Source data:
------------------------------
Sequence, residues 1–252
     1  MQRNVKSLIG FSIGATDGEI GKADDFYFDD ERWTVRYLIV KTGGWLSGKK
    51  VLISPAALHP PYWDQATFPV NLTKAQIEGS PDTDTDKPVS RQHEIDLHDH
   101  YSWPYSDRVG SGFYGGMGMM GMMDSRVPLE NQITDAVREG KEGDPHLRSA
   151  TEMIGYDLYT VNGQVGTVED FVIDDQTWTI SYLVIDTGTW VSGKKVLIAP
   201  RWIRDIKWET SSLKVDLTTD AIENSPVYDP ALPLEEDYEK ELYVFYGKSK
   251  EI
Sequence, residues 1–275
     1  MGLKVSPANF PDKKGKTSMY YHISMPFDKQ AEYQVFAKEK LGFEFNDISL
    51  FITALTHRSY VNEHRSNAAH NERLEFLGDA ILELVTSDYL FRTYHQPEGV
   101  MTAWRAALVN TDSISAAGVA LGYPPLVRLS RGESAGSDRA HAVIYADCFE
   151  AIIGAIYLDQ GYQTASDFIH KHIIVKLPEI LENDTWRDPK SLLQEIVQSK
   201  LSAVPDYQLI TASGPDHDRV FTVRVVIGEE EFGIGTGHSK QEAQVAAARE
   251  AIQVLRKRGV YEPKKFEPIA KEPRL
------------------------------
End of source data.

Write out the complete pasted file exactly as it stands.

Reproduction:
Sequence, residues 1–252
     1  MQRNVKSLIG FSIGATDGEI GKADDFYFDD ERWTVRYLIV KTGGWLSGKK
    51  VLISPAALHP PYWDQATFPV NLTKAQIEGS PDTDTDKPVS RQHEIDLHDH
   101  YSWPYSDRVG SGFYGGMGMM GMMDSRVPLE NQITDAVREG KEGDPHLRSA
   151  TEMIGYDLYT VNGQVGTVED FVIDDQTWTI SYLVIDTGTW VSGKKVLIAP
   201  RWIRDIKWET SSLKVDLTTD AIENSPVYDP ALPLEEDYEK ELYVFYGKSK
   251  EI
Sequence, residues 1–275
     1  MGLKVSPANF PDKKGKTSMY YHISMPFDKQ AEYQVFAKEK LGFEFNDISL
    51  FITALTHRSY VNEHRSNAAH NERLEFLGDA ILELVTSDYL FRTYHQPEGV
   101  MTAWRAALVN TDSISAAGVA LGYPPLVRLS RGESAGSDRA HAVIYADCFE
   151  AIIGAIYLDQ GYQTASDFIH KHIIVKLPEI LENDTWRDPK SLLQEIVQSK
   201  LSAVPDYQLI TASGPDHDRV FTVRVVIGEE EFGIGTGHSK QEAQVAAARE
   251  AIQVLRKRGV YEPKKFEPIA KEPRL